Pretty much everything about CPAC is “questionable” from the liberal media perspective. The very idea that thousands of people who disagree with liberalism would gather in one place to share their opinions -- well, how dare they? Also, how dare those sneaky conservatives refuse to be a homogenous bunch of boring old white males? This is what really drives liberal nuts: Dr. Ben Carson, Ted Cruz, Sarah Palin, Allen West, Marco Rubio, Herman Cain, Mia Love -- the CPAC stage featured plenty of people who aren’t quite the scapegoated right-wing stereotypes of liberal myth, and therefore they are the objects of particularly scornful media treatment. Popular conservative personalities who are either young, female, or not Caucasian are depicted in the media as kooky extremists or phony tokens for a movement which (as every HuffPo staffer knows) is a racist, sexist, homophobic plot by boring old rich fuddy-duddies.

Consider, for example, the winner of CPAC’s “Blogger of the Year” award, 24-year-old Katie Pavlich, author of a New York Times bestselling book about the “Fast and Furious” scandal, which the New York Times itself has desperately attempted to ignore. Rather than try to explain to their audiences how people who are supposed to be boring old fuddy-duddies manage instead to be brilliant young blondes, the liberal media just pretends that Katie Pavlich doesn’t exist. One imagines the producers and editors saying to one another, “Bestselling author? What bestselling author? I didn’t see any blonde girl up there on the stage. What are you talking about?”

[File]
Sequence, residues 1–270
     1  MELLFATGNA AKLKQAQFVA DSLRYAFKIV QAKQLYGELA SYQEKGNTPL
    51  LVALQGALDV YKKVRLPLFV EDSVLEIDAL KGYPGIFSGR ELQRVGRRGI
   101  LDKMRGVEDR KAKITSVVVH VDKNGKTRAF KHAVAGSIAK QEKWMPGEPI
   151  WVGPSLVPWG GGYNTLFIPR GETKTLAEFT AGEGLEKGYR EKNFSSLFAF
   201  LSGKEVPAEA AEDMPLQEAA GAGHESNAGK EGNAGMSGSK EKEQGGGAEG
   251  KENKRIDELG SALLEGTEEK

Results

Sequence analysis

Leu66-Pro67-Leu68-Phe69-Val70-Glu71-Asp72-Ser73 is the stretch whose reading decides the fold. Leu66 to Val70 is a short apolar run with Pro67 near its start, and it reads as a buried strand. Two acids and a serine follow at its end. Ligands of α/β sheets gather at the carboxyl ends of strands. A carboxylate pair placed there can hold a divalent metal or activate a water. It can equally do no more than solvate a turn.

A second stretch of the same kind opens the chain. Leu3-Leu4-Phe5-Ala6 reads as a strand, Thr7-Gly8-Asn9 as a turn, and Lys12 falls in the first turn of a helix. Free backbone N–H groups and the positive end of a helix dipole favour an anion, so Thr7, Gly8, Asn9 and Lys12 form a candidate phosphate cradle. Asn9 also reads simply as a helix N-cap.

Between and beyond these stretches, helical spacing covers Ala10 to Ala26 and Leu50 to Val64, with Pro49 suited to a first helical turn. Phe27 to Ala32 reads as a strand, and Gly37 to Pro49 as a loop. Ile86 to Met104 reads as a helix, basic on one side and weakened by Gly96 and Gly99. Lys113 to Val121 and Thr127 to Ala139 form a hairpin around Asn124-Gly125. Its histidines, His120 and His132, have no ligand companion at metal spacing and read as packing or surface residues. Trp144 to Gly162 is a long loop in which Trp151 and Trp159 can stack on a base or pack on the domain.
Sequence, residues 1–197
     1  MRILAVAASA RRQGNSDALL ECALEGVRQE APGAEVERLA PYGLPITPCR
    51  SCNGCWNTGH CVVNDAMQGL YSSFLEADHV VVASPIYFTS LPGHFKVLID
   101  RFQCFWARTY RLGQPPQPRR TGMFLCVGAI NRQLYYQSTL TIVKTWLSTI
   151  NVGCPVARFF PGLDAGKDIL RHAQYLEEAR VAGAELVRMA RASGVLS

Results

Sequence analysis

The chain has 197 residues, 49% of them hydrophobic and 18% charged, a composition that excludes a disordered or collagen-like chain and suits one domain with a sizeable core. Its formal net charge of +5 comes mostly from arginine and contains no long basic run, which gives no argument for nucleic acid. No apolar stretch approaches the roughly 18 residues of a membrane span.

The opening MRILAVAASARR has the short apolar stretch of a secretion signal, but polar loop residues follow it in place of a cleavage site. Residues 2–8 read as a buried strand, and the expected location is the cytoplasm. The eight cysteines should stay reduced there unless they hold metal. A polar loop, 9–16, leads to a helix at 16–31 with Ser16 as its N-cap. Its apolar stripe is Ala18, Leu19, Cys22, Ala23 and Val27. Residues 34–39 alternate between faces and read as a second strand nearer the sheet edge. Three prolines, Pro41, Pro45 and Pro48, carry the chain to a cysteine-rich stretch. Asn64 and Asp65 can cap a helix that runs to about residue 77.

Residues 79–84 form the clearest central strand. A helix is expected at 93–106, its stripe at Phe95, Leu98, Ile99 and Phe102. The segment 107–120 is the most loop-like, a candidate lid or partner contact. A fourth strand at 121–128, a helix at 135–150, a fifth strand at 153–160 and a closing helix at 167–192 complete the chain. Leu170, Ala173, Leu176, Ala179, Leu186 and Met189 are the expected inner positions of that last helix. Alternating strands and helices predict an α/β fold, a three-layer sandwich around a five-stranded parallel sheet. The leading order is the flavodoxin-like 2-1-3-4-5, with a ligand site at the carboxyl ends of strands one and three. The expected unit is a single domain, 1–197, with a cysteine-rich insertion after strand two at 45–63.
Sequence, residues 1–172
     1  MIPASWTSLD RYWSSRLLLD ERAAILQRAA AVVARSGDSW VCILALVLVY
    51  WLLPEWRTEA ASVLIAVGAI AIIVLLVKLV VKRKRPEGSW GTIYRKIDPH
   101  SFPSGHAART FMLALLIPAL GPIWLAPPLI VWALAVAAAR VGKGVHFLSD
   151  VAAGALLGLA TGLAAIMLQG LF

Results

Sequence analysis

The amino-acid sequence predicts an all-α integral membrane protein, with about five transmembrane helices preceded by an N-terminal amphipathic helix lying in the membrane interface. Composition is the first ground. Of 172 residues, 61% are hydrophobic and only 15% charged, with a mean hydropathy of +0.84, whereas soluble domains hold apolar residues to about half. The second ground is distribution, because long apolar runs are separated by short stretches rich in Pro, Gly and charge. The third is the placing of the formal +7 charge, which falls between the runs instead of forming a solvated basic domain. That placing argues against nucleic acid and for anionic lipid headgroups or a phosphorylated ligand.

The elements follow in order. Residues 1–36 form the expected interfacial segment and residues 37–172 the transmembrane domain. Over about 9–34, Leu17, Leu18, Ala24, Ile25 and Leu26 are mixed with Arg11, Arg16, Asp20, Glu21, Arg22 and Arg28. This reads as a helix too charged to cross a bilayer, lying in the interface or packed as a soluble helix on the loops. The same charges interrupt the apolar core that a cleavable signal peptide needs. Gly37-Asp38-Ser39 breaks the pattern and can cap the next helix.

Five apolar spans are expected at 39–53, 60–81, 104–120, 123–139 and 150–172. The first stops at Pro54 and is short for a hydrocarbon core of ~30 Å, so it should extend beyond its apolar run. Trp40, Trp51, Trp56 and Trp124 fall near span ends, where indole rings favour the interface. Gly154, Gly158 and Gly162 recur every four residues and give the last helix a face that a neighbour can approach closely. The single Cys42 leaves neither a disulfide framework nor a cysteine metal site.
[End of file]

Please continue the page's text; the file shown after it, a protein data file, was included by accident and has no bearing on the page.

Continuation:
This clever media trick of ignoring or endeavoring to discredit evidence that contradicts their liberal worldview completely warps the mainstream press coverage of CPAC every year. Liberal writers show up with their briefcases packed full of preconceptions and ready-made narrative templates. “Controversial Republican speaker provokes Republican controversy with controversial Republican remarks” is the standard format. Every trick of “gotcha” journalism is deployed in service of the media’s self-appointed mission to convey the idea that this yearly conference is a disreputable gathering of hate-filled fringe extremists. The difference between what actually happens at CPAC and what the liberal media reports is so vast that it seems the reporters were covering some entirely different event.